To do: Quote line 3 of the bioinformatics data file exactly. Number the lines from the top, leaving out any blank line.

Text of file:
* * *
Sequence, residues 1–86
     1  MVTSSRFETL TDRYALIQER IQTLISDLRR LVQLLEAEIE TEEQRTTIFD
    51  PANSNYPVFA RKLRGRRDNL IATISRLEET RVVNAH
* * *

    51  PANSNYPVFA RKLRGRRDNL IATISRLEET RVVNAH